Archive for November 15th, 2008


Some cities have all the good ruins.

Some cities have all the good ruins.

Over the past few weeks, especially since the end of the Physics GRE, my spare time has been spent working on my personal statement. I feel that the personal statement is one of the hardest parts of the application process, not because of innate difficulty, but because it is the only part that can be tangibly changed while applying. Other parts such as the GRE, letters of recommendation, research experience and transcripts are all cumulative events that are difficult to wildly influence towards the end. But the personal statement can be changed dramatically until it is submitted.

Getting started was the hardest part. I found some resources online about personal statements in general. I went to a career services class on writing personal statements and I tried to gleam some information from the prompts themselves. To be honest these things sort of helped or will help when I am finalizing but none really sparked me into writing. Then again this is not something that can be dived into without any sort of preliminary work.

The best way that I brainstorm is with web diagrams, writing something down in a circle then branching off of that with more words until a web of ideas form. At least it helps when I have no idea what I am doing. Luckily I found a neat free application to help with this called FreeMind. It is open source and runs on all operating systems and has really helped me organize what I want to write about.

To start I created branches listing what I am interested in studying, what skills I have, my experiences and then structural features of my personal statement. Once I wrote this stuff I collapsed those branches and never really looked at them again (well once just now). I sections filled with questions from various personal statement resources from Career Services at my school or the internet. Just the questions, no answers to any of them.

I also asked one of my professors for his advice on personal statements as he was on the graduate admissions committee. He did say that personal statement do not matter that much, but other sites online (like physicsgre.com) have professors giving the opposite advice. But talking to a professor really did help. Essentially he said to show in the statement several things: I am ready to do research, I enjoy lab work, I know what I want to study and how this department fits with what I want to research. The things is to show that the writer is on top of things and not just randomly applying in order to put off real life.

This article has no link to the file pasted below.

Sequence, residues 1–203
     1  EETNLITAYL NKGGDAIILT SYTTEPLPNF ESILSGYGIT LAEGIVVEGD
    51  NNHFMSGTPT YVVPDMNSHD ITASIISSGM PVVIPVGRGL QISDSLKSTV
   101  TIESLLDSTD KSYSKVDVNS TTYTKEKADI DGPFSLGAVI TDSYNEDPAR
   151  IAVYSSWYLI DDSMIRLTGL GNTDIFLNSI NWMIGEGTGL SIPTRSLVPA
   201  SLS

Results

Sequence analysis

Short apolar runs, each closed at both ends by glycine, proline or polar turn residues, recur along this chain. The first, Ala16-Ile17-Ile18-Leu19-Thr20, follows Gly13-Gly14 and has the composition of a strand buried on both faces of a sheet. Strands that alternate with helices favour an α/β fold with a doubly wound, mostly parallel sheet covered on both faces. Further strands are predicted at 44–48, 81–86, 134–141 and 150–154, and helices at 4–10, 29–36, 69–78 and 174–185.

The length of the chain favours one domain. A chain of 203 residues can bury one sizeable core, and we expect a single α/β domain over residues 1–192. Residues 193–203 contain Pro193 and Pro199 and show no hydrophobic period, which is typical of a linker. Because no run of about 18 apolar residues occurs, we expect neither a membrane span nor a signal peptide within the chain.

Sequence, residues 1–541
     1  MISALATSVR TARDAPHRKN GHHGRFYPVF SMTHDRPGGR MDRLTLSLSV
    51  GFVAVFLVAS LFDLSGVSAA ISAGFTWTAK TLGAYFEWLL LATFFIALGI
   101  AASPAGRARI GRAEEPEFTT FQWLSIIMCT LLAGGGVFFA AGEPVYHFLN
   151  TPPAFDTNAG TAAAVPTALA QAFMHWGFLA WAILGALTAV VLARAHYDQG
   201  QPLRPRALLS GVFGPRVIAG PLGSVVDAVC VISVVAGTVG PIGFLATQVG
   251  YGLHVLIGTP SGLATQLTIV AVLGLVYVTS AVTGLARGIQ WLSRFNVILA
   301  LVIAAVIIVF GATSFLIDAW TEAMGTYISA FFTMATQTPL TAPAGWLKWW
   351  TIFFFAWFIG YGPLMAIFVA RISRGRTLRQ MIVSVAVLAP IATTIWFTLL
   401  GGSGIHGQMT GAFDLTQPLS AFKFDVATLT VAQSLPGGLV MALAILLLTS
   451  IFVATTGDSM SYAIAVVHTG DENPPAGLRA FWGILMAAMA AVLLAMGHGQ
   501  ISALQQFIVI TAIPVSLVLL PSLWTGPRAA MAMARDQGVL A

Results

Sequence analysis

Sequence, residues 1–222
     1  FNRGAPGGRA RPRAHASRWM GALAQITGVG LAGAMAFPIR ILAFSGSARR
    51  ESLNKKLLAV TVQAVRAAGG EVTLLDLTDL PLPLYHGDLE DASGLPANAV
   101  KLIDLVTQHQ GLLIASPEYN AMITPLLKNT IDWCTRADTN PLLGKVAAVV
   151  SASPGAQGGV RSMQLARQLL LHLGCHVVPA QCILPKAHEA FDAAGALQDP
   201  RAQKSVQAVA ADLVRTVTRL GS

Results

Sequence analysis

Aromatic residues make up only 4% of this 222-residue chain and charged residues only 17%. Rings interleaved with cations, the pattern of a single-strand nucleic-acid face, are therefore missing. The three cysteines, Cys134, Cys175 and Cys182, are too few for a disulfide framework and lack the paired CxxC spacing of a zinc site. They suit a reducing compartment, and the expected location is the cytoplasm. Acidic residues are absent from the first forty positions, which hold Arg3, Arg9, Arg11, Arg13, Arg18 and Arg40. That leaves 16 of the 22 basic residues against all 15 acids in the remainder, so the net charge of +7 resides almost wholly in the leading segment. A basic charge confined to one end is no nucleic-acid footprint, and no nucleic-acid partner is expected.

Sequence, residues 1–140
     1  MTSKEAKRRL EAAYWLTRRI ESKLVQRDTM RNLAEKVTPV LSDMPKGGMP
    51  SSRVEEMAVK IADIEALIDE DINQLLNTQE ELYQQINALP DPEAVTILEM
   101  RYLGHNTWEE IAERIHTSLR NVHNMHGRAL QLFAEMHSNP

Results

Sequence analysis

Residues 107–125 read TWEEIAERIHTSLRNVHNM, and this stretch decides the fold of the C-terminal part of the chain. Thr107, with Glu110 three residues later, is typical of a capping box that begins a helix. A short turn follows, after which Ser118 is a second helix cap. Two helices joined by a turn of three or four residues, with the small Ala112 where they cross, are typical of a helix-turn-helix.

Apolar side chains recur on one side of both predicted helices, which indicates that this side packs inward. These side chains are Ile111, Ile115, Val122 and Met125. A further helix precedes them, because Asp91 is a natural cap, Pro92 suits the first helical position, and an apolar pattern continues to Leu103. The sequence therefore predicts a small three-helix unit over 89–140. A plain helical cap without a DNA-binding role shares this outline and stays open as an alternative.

Once I organized all of the advice and tips I started writing. Not the personal statement though. I mentioned that I some advice sites list questions to help getting started (I forgot where I found mine otherwise I would link to it), I answered all of those. Or at least all of them. Some I did answer but it was more of a venting thing then a real answer. Answering these questions help in that they let you start to find your voice for the personal statement. Since I already write a bit (this blog and journals) I already know what my voice reads like so it was not much of a problem. But if you are unused to writing, especially about yourself, then answering these short snippets will help.

Finally I wrote my first draft. To get started I did the whole thing as a free write where I kept on writing. In between solid paragraphs I wrote comments or just superfluous statements about the process. The key to a free write is that it is much easier to correct and edit then it is to create.

I have not gotten past the first draft, I need to give it at least twelve hours to brew. The next step is too start correcting, filling in gaps, transitioning and structural work. Once a readable draft is ready I will send it to a lot of people to look over, critique and edit. Since every school requires something different I will then edit, alter and adapt my one good statement for the schools.

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Looking up Eiffel.

Looking up Eiffel.

As an alternative to graduate school I have been entertaining the idea of applying for Teach for America instead of or prior to graduate school. I know that at least one of the graduate school I am applying to (University of Washington) allows acceptance to be deferred for two years specifically for Teach for America. 

Since I have been unsure about whether I want to apply or not I signed up for more information from one of the many recruiters going from class to class asking if anyone is interested. Next week I am doing what I think is best for someone unsure about it, I am meeting with a recruiter. He is not actually called a recruiter but in essence that is what he is.

My major concern blocking me from applying is I do not know if I would actually be able to be an effective teacher. I am fairly decent at public speaking, I really do like teaching and I enjoy helping people with their physics and math homework. It is just that the people I am helping want to be in school and want to learn this (for the most part), I really don’t know if I could keep the interest or attention of a high school class.

Hopefully I have a good meeting that lets me decide if I want to apply or not. I mean another application cannot really kill me, right?

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